"Circular gastronomy’ in all its different shapes and forms was presented at the conference by renowned Spanish and international chefs.
This concept focuses on the importance of the product and its origin, tracing its cultural heritage and putting farmers in the spotlight through deeper relationships with them.
This just goes to show that the famous, post-avant-garde manifesto that first appeared during the 14th edition of Madrid Fusion in 2016 was still fully relevant in the latest edition of the event.
Clearly, the time has come again to consolidate and discuss ideas and processes for sustainable development, concentrating on those that are implementable, innovative and emphatic.
As chef Enrique Olvera from the restaurant Pujol in Mexico City once put it “be the best restaurant for the world, rather than of the world.” That is to say, there is becoming a clear necessity to be successful in an environmentally conscious way.
Running with the theme of the post-avant-garde manifesto is the idea of innovating using local, natural resources and thinking outside the box.
Continuing the Sustainability Revolution
Angel Leon, chef of Aponiente***(El Puerto de Santa Maria) brings mind-blowing innovations to Madrid Fusion every year. His latest creation has been the topic of much discussion.
He searched far and wide throughout the sea in order to find the unreservedly nutritious marina plant, Zostera. It has the potential to be cultivated without using fresh water, which is what makes Chef Angel see it as a product that could be the future of sustainable gastronomy.
Within Aponiente, they are constantly playing with the boundaries, and one of their latest creations is a great example of that. Almadraba tuna belly is masterfully cured and transformed into a beautiful dish akin to Iberico ham. It is now served in their restaurant in Cadiz.
Davide Caranchini, is another chef pushing the boundaries of sustainable gastronomy. Chef of Materia* restaurant on Lake Como, he has been on a journey to challenge his mindset in recent months. Throughout lockdown he committed time to studying all aspects of the avant-garde, from art to literature to food. This has led him to an evolution of the avant-garde philosophy called ‘Modern Thinking’ which was what his presentation at Madrid Fusion was focused on, rather than any specific cooking technique.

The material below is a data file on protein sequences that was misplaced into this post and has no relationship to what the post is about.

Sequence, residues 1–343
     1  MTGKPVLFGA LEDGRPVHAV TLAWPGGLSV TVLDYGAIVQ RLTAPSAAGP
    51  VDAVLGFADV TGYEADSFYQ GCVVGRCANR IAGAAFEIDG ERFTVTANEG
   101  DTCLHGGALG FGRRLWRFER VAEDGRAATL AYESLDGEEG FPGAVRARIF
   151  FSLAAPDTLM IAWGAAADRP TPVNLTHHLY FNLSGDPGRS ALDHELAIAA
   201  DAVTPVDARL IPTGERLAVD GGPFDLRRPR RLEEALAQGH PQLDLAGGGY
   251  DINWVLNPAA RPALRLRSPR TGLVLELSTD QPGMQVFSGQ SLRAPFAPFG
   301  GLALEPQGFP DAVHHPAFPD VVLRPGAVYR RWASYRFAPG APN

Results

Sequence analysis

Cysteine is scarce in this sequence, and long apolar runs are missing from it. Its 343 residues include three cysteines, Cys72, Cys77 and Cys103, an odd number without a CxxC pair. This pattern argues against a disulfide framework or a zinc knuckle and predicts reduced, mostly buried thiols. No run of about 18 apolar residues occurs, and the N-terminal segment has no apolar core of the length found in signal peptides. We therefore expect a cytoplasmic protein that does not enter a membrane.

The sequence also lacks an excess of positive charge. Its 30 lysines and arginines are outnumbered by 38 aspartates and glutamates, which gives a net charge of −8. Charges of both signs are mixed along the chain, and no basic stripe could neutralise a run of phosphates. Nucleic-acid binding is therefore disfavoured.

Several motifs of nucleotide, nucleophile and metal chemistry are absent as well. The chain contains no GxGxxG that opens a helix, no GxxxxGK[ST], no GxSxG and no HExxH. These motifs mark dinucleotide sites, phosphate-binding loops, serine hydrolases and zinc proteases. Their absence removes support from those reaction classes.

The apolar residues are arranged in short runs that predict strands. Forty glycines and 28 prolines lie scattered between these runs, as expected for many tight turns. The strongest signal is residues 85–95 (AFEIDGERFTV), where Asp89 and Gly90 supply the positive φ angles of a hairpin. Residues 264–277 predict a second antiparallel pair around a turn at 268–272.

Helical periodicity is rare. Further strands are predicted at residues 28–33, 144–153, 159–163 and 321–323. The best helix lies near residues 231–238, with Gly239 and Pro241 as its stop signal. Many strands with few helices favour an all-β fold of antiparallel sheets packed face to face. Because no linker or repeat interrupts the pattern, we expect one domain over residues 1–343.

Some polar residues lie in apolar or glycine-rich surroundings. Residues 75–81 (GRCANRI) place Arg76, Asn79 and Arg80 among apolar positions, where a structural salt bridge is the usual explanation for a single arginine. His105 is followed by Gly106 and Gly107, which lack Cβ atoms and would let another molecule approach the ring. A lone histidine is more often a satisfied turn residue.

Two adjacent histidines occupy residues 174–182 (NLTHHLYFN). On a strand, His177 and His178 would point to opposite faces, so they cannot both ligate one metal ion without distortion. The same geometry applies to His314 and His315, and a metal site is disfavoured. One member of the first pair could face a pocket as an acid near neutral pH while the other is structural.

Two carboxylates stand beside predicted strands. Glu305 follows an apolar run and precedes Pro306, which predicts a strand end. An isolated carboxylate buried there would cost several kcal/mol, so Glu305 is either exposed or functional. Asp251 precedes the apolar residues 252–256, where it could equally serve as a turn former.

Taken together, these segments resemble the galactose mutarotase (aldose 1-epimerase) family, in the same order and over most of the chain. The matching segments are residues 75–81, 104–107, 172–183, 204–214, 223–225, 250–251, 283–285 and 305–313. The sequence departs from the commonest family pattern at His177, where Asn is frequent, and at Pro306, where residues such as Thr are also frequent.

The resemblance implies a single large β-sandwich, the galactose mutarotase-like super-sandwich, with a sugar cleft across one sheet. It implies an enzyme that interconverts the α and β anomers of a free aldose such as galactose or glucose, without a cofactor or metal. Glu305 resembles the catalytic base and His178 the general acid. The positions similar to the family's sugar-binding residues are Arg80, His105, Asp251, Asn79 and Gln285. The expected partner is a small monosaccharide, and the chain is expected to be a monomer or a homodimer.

Chef has started pondering the question ‘how can I pay homage to the land? How can I make the sustainable way of cooking creative and modern?’
Through a framework of sustainability, he highlighted the issue of ‘people before ingredients’. That is, to give proper weight to economic sustainability, otherwise, the whole system will suffer.
This was an idea shared by other chefs who took to the stage.
Chef Björn Swanson, of Faelt* in Berlin, also applies the principles of sustainability to his restaurant’s team. “Creating a good atmosphere and taking care of staff means people enjoy their jobs and want to stay. I depend on my people, and if they are happy, everything will taste good.”
Josep Roca, the sommelier and front of house director at the restaurant El Celler de Can Roca*** (Girona) told us “Looking after the team is the best kind of investment a restaurant can make.”
Similar ideas were also presented by the chef of Trippa (Milan), who encouraged the industry to speak more about the importance of human sustainability.
Chef Davide’s five main pillars of ‘circular gastronomy’ include raw materials, knowledge, technique, ethics and sustainability. However, Davide is taking it one step further and adding three more pieces to the puzzle to frame it in a more modern context: unity of ideas (teamwork and travel), sensibility (heart, artisan skill) and thought.
Avant-garde is about the brain, he claims – it resides in the mind.